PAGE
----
Catching up

So it was mid-2012 when I last apologised for not updating this blog and I think 18 months between posts should be forgiven.  To be honest I got worn out by constantly feeling sore and unwell.

As a quick catch up, the Infliximab worked a little, but nowhere near enough to be called any sort of cure.  I continued through the Olympics in London and on to the end of 2012 to visit the operating theatre roughly every six weeks to have yet another abscess in my left bum cheek incised.  By Christmas 2012, I had six or seven seton stitches and my whole cheek looked like a grossly exaggerated map of the surface of the moon, (insert weak joke here concerning popular single by The Waterboys. “I saw the whole of your ……”)

The most exciting Christmas occurrence was confirmation from my surgeon that we would now go for the nuclear option, or at least what I had been hoping to avoid but knowing was coming.  That is, the final removal of my rectum in the hope that taking the source of the Crohn’s away would stop the peri-anal fistulas from reforming.  And so started a frantic hunt of the Interweb for others’ experiences of similar operations.  Which may be how you, dear reader, arrived at this tale, and which is definitely why I started writing the thing in the first place.

And in general, it was reassuring and helpful to read the stories of other sufferers and how they had coped with a proctectomy, but then again, as you will see, by the time I had the op, I had pretty much forgotten any of my earlier research.

Anyway, it was another uncomfortable Christmas, continuing to balance on one, (right) cheek and sitting down with great care and attention.  This practice had been going on for well over a year  by now and had also led to regular back problems.  My offset sitting arrangements also caused its fair share of problems in public loos, especially pub toilets which are often so small it is difficult to turn around.  If you have an ileostomy, (i.e a bag), AND have to balance on one cheek, sanitary visits can be tricky.  In fact I could start a whole new blog about my experiences with public loo bog rolls.  I find it amazing that no-one has managed to invent a bog roll dispenser which actually works, i.e. does what it is supposed to and dispenses paper.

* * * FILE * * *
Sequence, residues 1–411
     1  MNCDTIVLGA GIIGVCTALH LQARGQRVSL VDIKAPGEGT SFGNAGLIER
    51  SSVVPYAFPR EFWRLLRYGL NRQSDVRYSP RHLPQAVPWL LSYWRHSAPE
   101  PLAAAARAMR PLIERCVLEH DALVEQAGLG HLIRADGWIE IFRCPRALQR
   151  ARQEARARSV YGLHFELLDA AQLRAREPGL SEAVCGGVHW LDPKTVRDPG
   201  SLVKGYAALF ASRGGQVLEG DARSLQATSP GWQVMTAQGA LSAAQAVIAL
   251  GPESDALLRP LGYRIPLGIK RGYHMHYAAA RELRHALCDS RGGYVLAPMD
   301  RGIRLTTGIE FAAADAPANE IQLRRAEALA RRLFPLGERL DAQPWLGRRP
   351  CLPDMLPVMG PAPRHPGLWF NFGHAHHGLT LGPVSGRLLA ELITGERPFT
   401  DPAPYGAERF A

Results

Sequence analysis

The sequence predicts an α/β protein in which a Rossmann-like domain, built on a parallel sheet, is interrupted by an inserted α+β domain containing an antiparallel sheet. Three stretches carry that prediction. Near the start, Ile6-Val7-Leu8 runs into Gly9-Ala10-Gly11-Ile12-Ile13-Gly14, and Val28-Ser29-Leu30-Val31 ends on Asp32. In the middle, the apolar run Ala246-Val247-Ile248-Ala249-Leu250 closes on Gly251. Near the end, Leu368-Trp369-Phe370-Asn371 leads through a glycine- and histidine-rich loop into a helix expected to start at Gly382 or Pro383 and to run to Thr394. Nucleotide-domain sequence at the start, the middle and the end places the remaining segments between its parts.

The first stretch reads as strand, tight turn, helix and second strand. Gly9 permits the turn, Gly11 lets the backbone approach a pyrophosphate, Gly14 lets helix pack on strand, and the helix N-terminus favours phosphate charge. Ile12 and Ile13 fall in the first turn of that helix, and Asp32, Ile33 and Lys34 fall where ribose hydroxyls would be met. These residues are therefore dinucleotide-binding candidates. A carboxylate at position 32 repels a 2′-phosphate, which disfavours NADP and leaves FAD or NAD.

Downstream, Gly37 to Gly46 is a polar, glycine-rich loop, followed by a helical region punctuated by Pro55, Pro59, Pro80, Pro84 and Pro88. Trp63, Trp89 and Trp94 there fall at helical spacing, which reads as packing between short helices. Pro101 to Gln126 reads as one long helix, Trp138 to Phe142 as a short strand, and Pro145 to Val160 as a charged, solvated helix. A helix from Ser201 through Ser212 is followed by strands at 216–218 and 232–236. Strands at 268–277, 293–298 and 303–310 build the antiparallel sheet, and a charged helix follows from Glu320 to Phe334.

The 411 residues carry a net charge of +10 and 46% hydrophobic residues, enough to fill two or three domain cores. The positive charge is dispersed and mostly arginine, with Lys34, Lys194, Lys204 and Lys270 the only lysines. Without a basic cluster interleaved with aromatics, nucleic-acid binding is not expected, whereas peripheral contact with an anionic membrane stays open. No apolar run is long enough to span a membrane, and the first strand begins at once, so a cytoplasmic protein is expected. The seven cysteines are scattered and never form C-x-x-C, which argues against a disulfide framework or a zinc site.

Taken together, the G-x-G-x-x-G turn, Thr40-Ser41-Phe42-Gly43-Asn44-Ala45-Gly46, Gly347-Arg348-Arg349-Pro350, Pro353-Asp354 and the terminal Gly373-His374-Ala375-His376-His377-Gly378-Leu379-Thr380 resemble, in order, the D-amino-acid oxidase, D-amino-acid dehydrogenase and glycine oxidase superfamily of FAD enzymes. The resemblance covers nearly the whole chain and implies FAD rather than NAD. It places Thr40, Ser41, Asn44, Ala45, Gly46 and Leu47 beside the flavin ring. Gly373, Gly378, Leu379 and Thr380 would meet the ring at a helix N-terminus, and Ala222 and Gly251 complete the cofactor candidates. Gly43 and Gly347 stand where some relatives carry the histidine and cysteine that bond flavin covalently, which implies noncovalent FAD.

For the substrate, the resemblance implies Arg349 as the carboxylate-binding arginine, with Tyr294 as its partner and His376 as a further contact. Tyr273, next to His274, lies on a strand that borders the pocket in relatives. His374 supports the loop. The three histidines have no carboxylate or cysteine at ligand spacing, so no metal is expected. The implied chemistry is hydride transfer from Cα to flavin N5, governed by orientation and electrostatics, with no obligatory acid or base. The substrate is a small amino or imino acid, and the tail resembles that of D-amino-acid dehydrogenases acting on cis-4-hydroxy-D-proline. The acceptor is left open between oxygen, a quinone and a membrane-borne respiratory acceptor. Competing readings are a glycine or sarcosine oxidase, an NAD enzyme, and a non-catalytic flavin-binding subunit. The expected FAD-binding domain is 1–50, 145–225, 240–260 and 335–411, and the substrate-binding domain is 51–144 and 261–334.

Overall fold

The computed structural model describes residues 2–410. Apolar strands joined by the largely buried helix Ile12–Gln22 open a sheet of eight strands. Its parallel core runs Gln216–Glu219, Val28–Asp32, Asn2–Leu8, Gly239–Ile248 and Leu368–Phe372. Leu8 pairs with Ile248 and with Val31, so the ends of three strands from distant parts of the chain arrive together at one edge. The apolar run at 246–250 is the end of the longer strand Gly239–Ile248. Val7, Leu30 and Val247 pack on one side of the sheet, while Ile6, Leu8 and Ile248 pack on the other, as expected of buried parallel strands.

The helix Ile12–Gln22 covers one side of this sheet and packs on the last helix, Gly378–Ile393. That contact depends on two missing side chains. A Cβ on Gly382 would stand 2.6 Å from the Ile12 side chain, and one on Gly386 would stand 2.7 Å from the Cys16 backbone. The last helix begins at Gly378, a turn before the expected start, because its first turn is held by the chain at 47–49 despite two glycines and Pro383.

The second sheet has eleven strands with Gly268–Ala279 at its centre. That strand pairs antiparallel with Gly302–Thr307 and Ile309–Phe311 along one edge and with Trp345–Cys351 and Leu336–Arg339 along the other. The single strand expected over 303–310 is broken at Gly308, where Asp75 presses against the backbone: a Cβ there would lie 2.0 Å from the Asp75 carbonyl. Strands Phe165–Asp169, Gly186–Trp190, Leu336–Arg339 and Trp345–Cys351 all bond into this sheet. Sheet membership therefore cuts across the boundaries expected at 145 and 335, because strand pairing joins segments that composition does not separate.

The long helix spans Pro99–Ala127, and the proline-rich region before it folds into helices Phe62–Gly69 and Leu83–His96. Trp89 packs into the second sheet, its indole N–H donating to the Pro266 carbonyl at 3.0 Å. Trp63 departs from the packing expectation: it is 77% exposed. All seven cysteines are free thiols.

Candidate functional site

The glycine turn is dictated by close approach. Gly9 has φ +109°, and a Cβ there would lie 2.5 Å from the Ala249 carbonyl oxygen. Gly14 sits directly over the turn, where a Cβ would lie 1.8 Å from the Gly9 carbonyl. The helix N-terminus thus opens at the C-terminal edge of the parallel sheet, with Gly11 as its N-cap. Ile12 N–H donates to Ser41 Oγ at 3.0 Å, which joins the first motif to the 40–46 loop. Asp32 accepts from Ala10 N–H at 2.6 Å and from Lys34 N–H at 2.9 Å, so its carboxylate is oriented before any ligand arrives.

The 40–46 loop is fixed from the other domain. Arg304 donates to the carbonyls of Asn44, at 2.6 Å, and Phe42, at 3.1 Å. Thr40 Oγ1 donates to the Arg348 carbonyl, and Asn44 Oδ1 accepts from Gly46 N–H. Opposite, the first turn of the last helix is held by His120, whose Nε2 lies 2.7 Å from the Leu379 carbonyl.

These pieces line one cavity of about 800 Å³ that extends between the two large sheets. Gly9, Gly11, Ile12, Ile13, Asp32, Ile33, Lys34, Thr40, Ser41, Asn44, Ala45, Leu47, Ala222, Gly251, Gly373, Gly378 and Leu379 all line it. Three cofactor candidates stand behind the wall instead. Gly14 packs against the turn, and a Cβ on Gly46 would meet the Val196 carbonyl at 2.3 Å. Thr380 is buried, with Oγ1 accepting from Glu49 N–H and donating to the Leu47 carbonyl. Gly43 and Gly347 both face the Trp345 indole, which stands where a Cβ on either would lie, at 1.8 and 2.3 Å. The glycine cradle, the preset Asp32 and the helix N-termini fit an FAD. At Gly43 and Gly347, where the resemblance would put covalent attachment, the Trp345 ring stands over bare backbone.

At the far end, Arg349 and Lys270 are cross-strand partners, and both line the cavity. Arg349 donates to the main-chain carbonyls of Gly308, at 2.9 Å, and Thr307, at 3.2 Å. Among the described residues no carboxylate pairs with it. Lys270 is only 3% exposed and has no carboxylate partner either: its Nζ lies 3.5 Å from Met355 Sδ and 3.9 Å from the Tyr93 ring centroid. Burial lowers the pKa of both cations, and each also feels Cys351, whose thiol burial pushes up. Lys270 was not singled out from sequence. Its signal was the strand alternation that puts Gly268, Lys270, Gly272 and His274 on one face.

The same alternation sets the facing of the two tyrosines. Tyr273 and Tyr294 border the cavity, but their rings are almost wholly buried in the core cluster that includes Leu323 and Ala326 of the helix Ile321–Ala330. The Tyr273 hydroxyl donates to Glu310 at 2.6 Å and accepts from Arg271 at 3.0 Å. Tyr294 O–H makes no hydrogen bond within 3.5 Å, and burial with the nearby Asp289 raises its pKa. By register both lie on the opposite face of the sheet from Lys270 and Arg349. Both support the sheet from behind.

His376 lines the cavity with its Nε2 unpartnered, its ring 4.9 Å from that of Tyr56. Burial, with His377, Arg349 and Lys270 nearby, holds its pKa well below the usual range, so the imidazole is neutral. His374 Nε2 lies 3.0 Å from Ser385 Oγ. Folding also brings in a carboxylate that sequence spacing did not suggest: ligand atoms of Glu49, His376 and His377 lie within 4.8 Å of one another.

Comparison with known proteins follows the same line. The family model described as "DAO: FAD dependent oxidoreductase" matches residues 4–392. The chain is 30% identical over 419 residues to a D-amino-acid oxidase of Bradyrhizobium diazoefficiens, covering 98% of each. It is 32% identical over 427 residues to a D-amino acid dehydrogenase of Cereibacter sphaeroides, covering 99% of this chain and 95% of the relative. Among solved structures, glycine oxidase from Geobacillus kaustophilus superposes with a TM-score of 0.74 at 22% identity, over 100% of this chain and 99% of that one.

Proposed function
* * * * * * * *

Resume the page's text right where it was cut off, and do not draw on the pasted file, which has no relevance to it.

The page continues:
Back to using the smallest of smallest rooms while being unable to sit squarely on both cheeks.  I can now say from extensive personal research that the majority, (over 50%) of pub bogs have seats which are not properly attached to the bowl and therefore eject to left or right the non-square-sitter.  Allied to the existing back pain, not fun.

So as we moved into 2013, where were we?  Original Crohn’s sorted in 2004 by ileostomy, great result.  Original marriage ended 2009 by wife, poor result.  Four kids, new Irish nurse girlfriend, nice-ish flat, all good.  Crohn’s reappeared in fistula form, left bum cheek a disaster.  Pain almost constant.  Paracetamol/tramadol ingestion also constant.

Eight operations under general anaesthetic in 2012 and we seemed no closer to solving the whole problem.  Indeed the latest abscess now appeared so far across my cheek, that it was coming close to being a thigh abcess and not perianal at all.

And so the decision was taken to remove the bum completely.

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